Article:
Just as we neared Hamilton, we found good fortune to be with us yet again. We stopped to talk with two people and their granddaughter who had noticed us from the stop sign, and they ended up inviting us to spend the night at their house a few miles down the road! A couple of genuinely kind and interesting people, who might one day do a bike trip of their own! Thank you, Joe and Denise!

10 thoughts on “Day 46 – Wisdom, MT to Hamilton, MT

  1. Wendy Bratt August 2, 2016 / 2:43 pm

    Your photos are breathtaking ~ The sun on fire is a winner! Is it possible the animals that aren’t big horn sheep are female caribou (without horns)? Is there a prize for the first to correctly identify?!

    Like

  2. Tom Powell August 2, 2016 / 2:47 pm

    Amazing photos and great description of the fire. I’d be interested to hear if the locals consider this a “normal” event, given global warming and the drying of the west. It looks awe inspiring to me.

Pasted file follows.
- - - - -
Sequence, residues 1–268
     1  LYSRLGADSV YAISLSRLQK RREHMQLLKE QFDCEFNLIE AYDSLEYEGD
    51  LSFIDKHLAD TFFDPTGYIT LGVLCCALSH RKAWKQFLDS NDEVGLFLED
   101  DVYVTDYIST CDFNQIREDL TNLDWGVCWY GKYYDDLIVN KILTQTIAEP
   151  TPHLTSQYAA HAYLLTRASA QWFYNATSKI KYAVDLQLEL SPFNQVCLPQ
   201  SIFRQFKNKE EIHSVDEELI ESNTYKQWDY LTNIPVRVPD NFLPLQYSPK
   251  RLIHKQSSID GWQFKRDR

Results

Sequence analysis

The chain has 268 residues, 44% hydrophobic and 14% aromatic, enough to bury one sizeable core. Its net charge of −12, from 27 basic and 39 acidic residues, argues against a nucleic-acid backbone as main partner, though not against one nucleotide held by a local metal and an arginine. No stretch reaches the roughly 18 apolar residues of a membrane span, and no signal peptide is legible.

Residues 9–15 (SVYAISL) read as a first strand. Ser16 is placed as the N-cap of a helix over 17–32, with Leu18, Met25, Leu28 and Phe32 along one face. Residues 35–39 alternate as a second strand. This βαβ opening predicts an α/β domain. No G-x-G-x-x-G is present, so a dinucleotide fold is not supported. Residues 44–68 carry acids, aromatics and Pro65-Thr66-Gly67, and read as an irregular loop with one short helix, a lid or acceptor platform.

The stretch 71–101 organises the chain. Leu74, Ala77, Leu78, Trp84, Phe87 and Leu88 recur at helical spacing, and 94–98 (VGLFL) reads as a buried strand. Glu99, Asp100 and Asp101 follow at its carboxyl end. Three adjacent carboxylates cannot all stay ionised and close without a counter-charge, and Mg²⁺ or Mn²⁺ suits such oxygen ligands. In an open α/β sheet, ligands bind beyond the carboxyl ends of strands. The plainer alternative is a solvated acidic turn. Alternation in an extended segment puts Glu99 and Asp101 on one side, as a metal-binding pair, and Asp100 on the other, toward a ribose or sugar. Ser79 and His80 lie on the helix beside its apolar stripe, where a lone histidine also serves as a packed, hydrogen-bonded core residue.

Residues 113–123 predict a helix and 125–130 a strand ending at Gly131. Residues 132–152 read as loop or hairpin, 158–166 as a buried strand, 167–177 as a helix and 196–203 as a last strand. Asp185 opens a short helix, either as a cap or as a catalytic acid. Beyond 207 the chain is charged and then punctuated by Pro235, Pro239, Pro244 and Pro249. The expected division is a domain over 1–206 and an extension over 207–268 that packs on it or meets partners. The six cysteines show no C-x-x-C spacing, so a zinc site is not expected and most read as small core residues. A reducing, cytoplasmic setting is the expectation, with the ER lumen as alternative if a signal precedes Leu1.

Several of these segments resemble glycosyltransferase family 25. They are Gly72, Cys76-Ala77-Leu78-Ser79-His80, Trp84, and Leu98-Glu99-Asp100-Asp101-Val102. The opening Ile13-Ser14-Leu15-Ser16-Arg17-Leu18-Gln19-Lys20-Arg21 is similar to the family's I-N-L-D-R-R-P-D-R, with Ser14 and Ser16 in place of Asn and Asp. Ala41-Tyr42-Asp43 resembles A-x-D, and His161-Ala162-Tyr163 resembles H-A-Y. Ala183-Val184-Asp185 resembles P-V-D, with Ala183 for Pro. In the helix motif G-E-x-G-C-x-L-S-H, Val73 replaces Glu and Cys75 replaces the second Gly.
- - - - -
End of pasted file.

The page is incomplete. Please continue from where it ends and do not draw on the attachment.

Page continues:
Like

  3. blandine August 2, 2016 / 3:17 pm

    Aidan you are a amazing photographer and Clara is a super model! You make us a part of your incredible trip. Bravo and thank you. Keep snacking your way to the coast, drink your electrolytes and you will be forging ahead of everybody. You are Champions!
    And they ARE female (ewe) Bighorn Sheep (Ovis Canadensis). Also, fire is a natural “expression” of nature, that we (as human race) have suppressed too much because of our encroachment in places where nature wants to take its course. The fire opens up the forest floor for other trees and plants to grow and to natural cycles to start anew.
    Pedal West Road Warriors, all the way with you.

    Liked by 1 person

  4. James Fecteau August 2, 2016 / 3:20 pm

    From a blacksmith friend:
    Goat mountain is hot. We were going to hike there this afternoon because it’s a shady hike. Fire season starts here the end of July.
    He has pictures of the actual flames. He has never seen that before.
    I’m guessing Elk.
    Happy travels!!!

    Like

  5. Al August 2, 2016 / 4:09 pm

    Wow, really cool photos! I hope Lolo Pass into Idaho is open and not blocked by a forest fire. Maybe you’ll check out the hot springs near the top? Missoula must feel like a metropolis compared to all the small towns you’ve ridden through. Happy trails!

    Like